Moving On From 2020 Vision: How Has The Pandemic Affected Our Eyesight?


Alexandra Wagner, Deputy Editor, Feature

Before the pandemic, the number of people needing corrective lenses was expected to double from 2010 to 2050. However, this rate of increase may be accelerating due to COVID-19. Why is this the case?

Dr. Aaron Mjelstad, an ophthalmologist at Excelsior Eye Care, said the two primary reasons for needing corrective lenses are genetics and environmental factors. 

He said, “If genetics influence eyesight, we usually see children around second grade needing glasses, but if the child makes it all the way through elementary, middle, and high school, we can assume the need for corrective lenses is due to environmental reasons.” 

These environmental reasons include increased phone use and studying, which can ultimately lead to myopia (nearsightedness), the more common optical condition over hyperopia (farsightedness). Mjelstad explained that as people spend increasingly more time focusing on objects in the dark or right in front of their face, the eyeball elongates to compensate for the lack of light entering the eye. Since the new normal has shifted from in-person interaction to online, Mjelstad asserted that this significant environmental shift has had a large impact on people’s eye health.

One reason why people’s eye health may deteriorate is because of minimal blinking, a result of intense concentration on anything directly in front of one’s face or any type of electronics. This can result in a condition called dry eye, which causes a near 66% decrease in blinking. This equates to around 15-20 times per minute to 4-7 times per minute. By not blinking, tears and lubricants in the eye are reduced, potentially damaging the epithelial cells that protect the surface of the cornea from viruses and infections. To make up for the tear deficit, some begin blinking more frequently, but this has little effect on eye health, especially if the condition has become chronic because the eye once again adjusts, leading to a loss of lubrication in a shorter amount of time. Dry eyes could consequently result in loss of sight, and, in theory, could increase the likelihood of contracting coronavirus.

For high-schoolers and young adults alike, glasses don’t always have the same appeal as contact lenses. People new to corrective lenses especially want to try invisible versions, such as contact lenses, to maintain the same outward appearance. Even though it is suggested by most ophthalmologists that new clients wait for approximately a year to wear contacts to adjust to the onset of vision loss, it is becoming increasingly common for eye doctors to suggest glasses for people at any point after their diagnosis.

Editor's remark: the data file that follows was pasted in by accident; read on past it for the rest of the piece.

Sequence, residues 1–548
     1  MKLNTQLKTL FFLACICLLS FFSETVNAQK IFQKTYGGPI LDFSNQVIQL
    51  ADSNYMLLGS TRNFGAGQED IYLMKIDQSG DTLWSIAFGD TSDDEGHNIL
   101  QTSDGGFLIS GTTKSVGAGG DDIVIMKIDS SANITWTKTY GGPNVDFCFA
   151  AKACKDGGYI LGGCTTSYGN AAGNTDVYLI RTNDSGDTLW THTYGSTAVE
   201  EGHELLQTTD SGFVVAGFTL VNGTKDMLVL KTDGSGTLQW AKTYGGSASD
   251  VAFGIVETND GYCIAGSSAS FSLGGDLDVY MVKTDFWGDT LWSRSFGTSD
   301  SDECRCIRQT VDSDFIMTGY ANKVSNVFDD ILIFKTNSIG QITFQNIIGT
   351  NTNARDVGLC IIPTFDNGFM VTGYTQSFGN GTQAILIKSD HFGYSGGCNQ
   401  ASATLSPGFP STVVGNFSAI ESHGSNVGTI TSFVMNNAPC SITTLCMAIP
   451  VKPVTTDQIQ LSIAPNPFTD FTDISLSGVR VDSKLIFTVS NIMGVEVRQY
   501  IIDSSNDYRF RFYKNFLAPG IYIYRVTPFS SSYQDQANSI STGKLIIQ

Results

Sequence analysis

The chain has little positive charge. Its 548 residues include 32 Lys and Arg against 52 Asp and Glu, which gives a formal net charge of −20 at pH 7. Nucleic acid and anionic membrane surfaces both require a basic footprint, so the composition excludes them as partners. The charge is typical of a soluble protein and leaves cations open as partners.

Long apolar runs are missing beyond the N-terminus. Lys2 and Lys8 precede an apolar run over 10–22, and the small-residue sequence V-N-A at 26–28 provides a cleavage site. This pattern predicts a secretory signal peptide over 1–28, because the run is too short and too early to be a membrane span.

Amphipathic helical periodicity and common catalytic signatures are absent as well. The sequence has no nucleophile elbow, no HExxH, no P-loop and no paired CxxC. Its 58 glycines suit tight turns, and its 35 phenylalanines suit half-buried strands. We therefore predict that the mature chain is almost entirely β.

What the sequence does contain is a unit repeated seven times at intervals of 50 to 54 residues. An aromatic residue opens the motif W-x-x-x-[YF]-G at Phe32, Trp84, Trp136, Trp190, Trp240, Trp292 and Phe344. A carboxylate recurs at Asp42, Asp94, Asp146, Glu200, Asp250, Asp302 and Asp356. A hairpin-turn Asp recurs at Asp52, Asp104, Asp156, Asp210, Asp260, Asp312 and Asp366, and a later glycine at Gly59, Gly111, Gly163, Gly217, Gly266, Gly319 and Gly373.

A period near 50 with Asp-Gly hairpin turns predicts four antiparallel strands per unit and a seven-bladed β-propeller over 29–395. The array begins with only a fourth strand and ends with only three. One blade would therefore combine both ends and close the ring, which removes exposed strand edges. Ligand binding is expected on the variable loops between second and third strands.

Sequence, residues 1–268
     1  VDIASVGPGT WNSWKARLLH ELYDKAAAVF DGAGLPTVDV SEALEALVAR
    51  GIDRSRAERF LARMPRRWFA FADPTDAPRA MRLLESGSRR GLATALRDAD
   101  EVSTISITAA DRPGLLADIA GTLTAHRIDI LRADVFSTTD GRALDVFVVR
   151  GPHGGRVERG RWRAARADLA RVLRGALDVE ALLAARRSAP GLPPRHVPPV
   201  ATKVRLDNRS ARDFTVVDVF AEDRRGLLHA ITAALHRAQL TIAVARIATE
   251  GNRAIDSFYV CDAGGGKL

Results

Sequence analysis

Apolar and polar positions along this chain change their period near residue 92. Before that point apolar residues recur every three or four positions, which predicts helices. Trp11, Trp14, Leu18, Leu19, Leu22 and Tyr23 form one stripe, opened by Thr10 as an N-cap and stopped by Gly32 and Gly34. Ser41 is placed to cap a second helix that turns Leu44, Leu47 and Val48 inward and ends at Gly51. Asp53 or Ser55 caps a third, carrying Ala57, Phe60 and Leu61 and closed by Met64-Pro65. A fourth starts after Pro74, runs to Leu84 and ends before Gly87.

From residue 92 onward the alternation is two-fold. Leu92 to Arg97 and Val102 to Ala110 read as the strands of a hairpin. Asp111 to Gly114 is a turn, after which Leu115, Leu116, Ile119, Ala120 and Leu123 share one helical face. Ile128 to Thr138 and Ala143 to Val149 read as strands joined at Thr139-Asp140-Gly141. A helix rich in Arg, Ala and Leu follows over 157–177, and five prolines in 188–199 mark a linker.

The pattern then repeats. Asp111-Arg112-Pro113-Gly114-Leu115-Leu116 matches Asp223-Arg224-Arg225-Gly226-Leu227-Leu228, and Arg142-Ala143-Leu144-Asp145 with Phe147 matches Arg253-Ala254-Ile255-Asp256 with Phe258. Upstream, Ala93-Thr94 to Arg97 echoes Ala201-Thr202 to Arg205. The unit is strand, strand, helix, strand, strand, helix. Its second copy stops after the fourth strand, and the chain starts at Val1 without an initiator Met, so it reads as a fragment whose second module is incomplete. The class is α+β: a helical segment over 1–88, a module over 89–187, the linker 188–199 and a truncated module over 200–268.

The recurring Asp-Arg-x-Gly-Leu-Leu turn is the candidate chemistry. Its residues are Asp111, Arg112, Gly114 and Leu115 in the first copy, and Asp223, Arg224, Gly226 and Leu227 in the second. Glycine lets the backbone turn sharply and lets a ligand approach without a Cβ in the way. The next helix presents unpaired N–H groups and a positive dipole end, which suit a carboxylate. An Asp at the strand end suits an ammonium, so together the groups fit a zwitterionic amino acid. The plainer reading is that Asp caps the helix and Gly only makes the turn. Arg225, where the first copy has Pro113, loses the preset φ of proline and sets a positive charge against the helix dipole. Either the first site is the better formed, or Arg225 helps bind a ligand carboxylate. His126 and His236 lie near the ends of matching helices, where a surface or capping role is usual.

As previously mentioned, eyes adjust to their environment and what they have adapted to in the past. Because of this, Mjelstad stated that it is important to only wear corrective lenses for which they are prescribed. 

He said, “If you are farsighted, it’s still important to remove your glasses when you are doing homework or doing anything up close. That way, you are maintaining your current vision, rather than letting your eyes adjust to the higher prescription in the same way they did initially, requiring even further correction.” 

Accordingly, glasses seem like the better option than contact lenses, according to Mjelstad. 

“Glasses are easy to take on and off, whereas contacts take time and patience to put in. Nobody wants to insert and remove their contacts regularly to maintain their current vision, especially since touching the eye allows for the introduction of germs to the eye, right now most importantly the coronavirus. Because of this, it is much more safe and time effective to stick to glasses.”

However, one issue arises. Although more people are developing a need for glasses, few are actually going in for exams and glasses fittings, knowing that a primary method of contracting the virus is through the eyes. By not prioritizing getting new glasses, there is a higher risk of further eye damage, and, in the case of severe eye conditions, this can be a large risk. Healthcare workers say it is essential to keep comprehensive eye exams in place, as many eye conditions go unnoticed. If someone is  uncomfortable being in a public place, he or she could call ahead to identify a time where the store is minimally busy; this way, he or she can get in and out in a short period of time with little interaction with others.

For many, it is nearly impossible to do anything away from a screen these days. In this case, professionals suggest for every twenty minutes in front of a screen, take twenty seconds to look at something twenty feet away in order to prevent eye strain and reduce the chance of further vision reduction. By using this suggestion and upholding recommendations for corrective lens use, healthy eyes can be much easier to maintain.